At the New York Times, Mark Oppenheimer has just published a piece, “From Fighting Same-Sex Marriage to Forging a Pro-Marriage Coalition for All,” about the release today of “A Call to a New Conversation on Marriage.” The full text of the Call and the list of more than 70 American leaders who are signatories is available at our homepage, AmericanValues.org.
The document is signed by 74 well-known activists, writers and scholars, on the left and the right, including the conservative John Podhoretz, editor of Commentary magazine; John Corvino, a gay philosopher; Robert N. Bellah, a sociologist; Caitlin Flanagan, a feminism skeptic; and Glenn C. Loury, an economist — once conservative, now less so.
“While the nation’s attention is riveted by a debate about whether a small proportion of our fellow citizens (gays and lesbians) should be allowed to marry,” the statement reads, “marriage is rapidly dividing along class lines, splitting the country that it used to unite.”
As the Call concludes:
…The conventional wisdom seems to be that marriage – except possibly for gay marriage – is something that can’t be fixed. It’s about personal choices. People are voting with their feet. Nothing can be done to stop or reverse the trend. The only thing we can do is ignore the problem, change the subject, or passively wring our hands in sadness.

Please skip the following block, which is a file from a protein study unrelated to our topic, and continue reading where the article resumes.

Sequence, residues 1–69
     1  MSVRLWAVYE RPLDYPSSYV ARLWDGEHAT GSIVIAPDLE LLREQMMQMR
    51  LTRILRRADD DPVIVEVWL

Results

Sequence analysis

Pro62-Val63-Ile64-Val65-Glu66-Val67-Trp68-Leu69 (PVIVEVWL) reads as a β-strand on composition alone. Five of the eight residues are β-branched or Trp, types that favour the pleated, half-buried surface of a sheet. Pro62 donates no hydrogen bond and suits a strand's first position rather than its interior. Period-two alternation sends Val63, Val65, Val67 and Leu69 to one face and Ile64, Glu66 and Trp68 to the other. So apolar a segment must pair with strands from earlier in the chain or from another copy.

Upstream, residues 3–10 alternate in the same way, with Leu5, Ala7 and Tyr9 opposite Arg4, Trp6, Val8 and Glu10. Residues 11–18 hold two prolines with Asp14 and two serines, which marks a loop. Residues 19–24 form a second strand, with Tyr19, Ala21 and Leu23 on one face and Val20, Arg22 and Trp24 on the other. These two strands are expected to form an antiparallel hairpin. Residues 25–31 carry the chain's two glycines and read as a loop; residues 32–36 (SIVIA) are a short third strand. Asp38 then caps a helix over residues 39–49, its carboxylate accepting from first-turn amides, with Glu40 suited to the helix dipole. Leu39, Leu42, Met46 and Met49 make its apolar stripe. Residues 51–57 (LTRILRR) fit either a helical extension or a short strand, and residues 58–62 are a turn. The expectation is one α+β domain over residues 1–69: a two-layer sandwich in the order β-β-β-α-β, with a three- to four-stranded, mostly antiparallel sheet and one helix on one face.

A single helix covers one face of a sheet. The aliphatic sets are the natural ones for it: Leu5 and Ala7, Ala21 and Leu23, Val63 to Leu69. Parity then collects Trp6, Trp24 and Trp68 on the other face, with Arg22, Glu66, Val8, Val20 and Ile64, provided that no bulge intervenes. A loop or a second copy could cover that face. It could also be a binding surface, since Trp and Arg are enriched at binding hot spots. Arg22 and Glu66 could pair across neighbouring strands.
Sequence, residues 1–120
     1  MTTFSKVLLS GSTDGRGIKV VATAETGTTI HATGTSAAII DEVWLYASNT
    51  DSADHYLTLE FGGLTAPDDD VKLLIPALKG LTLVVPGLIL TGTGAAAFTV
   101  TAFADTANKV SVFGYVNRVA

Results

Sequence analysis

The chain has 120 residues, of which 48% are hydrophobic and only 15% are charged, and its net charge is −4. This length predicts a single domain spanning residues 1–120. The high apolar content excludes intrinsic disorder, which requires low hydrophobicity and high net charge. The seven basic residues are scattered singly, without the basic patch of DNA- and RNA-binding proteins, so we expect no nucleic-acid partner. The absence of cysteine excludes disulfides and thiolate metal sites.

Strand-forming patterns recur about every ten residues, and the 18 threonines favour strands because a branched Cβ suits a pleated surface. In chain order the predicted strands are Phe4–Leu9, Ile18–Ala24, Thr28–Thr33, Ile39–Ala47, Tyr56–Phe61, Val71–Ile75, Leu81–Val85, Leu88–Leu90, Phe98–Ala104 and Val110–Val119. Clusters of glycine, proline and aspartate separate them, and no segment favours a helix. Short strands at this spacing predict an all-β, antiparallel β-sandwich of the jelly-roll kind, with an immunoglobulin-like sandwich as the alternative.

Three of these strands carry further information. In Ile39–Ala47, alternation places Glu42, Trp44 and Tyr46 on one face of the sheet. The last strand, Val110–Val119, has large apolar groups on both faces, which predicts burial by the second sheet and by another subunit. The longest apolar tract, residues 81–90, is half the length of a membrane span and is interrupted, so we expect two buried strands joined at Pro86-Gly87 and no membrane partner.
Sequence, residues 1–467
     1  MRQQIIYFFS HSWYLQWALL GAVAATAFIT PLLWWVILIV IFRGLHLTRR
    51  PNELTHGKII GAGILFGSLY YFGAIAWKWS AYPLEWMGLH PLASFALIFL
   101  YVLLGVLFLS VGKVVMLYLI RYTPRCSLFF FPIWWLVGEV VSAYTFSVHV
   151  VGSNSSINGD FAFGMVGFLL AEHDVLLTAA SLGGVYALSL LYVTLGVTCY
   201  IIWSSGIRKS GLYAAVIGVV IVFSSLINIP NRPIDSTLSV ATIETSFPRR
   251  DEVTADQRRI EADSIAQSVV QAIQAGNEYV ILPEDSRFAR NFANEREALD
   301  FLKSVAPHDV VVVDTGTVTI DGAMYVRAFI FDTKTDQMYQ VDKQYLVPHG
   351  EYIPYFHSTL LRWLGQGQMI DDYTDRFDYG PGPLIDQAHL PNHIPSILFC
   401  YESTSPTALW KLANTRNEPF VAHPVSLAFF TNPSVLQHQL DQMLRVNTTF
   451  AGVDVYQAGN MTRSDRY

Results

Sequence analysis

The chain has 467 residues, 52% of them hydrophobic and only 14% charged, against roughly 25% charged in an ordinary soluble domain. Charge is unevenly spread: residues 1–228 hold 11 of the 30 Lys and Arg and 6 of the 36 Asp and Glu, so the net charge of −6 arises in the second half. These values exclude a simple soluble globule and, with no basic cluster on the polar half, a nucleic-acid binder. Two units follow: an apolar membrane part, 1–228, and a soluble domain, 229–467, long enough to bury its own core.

The new conversation rejects this premise entirely. This is an American conversation. Like our forebears, we assume that what happens in the future will be the result of our ideas and choices today. No trend in our society, including the marriage trend, is preordained, or immune from human decision-making, and no problem we face – this is America, after all – is so large that we must become passive and servile in its face.
The current conversation is at a dead end.
But the new conversation is just getting started.
To this new conversation, we pledge our time, money, and best ideas. We are eager to face the challenge. We invite you to join us.